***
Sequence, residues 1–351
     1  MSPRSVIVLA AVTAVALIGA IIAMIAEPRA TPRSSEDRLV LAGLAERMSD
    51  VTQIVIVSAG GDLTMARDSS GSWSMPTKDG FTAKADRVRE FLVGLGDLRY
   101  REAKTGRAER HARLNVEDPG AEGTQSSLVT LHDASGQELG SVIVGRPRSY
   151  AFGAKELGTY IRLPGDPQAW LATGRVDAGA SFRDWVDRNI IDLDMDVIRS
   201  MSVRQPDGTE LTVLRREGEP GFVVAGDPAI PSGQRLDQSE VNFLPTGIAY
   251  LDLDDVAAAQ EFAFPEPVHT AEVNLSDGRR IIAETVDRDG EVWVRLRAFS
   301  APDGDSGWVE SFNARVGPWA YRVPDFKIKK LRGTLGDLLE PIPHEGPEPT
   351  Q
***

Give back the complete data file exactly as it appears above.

Sequence, residues 1–351
     1  MSPRSVIVLA AVTAVALIGA IIAMIAEPRA TPRSSEDRLV LAGLAERMSD
    51  VTQIVIVSAG GDLTMARDSS GSWSMPTKDG FTAKADRVRE FLVGLGDLRY
   101  REAKTGRAER HARLNVEDPG AEGTQSSLVT LHDASGQELG SVIVGRPRSY
   151  AFGAKELGTY IRLPGDPQAW LATGRVDAGA SFRDWVDRNI IDLDMDVIRS
   201  MSVRQPDGTE LTVLRREGEP GFVVAGDPAI PSGQRLDQSE VNFLPTGIAY
   251  LDLDDVAAAQ EFAFPEPVHT AEVNLSDGRR IIAETVDRDG EVWVRLRAFS
   301  APDGDSGWVE SFNARVGPWA YRVPDFKIKK LRGTLGDLLE PIPHEGPEPT
   351  Q